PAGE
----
Contact: Josh Holly (HASC), 202-226-3988 Lisa Wright (Bartlett), 202-225-2721
Washington, D.C. – “It’s a pleasure to be here with you today to learn more about the conclusions and recommendations of the alternative propulsion study conducted by the Navy over the last fiscal year. For some time, I have been an advocate for the use of nuclear propulsion for not only aircraft carriers and submarines, but for a range of surface ships, as well.
“I see a number of benefits, not the least of which is that such a move would be a major step towards reducing the military’s dependence on fossil fuels. There is an overarching national imperative for the United States to reduce its demand for oil, given the limited quantities of this resource over the long-term, the strategic implications of importing oil from foreign nations, and the environmental consequences of burning fossil fuels.
“Yet, I can conceive of few greater improvements to mobility and warfighting capability, than a military which is not restricted by its refueling supply chain. Can you imagine a military like that? A Navy that can get anywhere quickly, because it does not need to stop and refuel? A Navy that can save significant investment in oilers and their associated manning? A Navy that is not vulnerable as its ships refuel? That’s what I would call a disruptive technology.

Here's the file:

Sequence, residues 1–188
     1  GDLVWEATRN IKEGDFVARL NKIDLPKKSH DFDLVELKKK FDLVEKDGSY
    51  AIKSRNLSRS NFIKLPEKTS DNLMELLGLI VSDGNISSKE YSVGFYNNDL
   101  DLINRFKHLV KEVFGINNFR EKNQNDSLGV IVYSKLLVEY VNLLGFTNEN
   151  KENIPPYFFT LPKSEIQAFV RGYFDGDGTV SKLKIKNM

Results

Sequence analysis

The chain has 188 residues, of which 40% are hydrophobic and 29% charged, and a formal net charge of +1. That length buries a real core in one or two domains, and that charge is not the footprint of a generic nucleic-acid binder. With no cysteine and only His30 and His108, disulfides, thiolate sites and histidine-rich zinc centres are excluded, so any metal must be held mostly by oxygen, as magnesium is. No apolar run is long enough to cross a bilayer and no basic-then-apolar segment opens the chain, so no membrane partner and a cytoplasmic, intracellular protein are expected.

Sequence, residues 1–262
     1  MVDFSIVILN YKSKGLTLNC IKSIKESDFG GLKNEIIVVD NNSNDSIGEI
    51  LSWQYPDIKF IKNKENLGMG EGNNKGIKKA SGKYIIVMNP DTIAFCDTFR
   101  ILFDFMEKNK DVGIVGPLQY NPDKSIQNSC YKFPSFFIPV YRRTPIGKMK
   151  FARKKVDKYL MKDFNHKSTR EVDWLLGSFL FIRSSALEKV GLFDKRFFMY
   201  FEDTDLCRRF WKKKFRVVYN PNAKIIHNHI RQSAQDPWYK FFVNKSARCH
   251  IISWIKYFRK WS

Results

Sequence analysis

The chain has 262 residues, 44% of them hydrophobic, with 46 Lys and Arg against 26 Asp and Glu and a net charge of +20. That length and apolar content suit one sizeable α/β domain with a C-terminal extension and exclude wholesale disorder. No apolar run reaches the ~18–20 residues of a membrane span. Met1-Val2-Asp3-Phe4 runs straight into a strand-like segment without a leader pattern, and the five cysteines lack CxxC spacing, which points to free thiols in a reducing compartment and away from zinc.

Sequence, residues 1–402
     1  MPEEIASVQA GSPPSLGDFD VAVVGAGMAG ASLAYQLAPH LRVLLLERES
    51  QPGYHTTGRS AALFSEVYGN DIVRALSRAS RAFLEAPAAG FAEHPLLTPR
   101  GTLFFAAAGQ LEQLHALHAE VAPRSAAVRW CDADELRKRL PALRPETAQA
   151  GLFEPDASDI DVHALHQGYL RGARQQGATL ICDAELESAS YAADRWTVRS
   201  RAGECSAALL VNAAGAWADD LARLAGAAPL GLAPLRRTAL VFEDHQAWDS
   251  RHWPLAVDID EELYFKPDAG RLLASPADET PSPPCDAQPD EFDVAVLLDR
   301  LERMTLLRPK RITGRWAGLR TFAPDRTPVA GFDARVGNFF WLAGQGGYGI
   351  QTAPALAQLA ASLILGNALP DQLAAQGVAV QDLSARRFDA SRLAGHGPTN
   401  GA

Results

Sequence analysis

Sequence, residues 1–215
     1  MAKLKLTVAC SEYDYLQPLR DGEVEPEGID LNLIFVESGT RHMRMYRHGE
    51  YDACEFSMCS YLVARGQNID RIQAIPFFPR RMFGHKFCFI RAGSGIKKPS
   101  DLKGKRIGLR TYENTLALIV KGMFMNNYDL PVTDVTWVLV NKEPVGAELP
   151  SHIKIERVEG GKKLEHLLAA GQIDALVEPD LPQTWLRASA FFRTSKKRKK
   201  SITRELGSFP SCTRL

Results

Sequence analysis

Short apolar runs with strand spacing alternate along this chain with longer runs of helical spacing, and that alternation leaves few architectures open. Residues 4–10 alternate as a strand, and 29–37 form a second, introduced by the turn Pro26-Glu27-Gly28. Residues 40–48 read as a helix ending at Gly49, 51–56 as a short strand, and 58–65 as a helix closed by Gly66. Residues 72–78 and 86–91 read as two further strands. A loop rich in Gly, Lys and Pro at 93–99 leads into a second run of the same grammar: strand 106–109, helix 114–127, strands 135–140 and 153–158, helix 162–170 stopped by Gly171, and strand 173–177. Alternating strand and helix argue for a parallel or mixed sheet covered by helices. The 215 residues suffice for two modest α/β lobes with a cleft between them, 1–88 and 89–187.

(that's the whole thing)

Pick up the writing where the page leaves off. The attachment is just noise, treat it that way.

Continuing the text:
“Therefore, I would like to learn more about the report provided to Congress last month. The study concludes that the break-even cost for nuclear and fossil fueled versions of surface vessels are $210 per barrel of diesel marine fuel for large-deck amphibious assault ships and $70 per barrel for medium surface combatants. It would appear that the calculus is nearly there for surface combatants. I hope today’s witnesses will discuss how these findings are being incorporated into the on-going analysis of alternatives for the next generation cruiser.
“I also hope the witnesses can elaborate on the differences between these findings and those of the 2005 Quick Look Analysis performed by Naval Reactors. In that study, the break-even costs were inverted – the break-even cost for large-deck amphibious assault ships was $80 per barrel and the break-even cost for a large surface combatant was $205 per barrel.
“Lastly, I would like to explore some of the assumptions underlying the study. For example, how was the fully burdened cost of delivery of fuel to the ship accounted and how were qualitative benefits, such as increased mobility and power delivery for weapons systems factored into this analysis?
“With that, I’d like to conclude by thanking our witnesses for their service to our nation and for being here with us today. I truly look forward to your testimony.”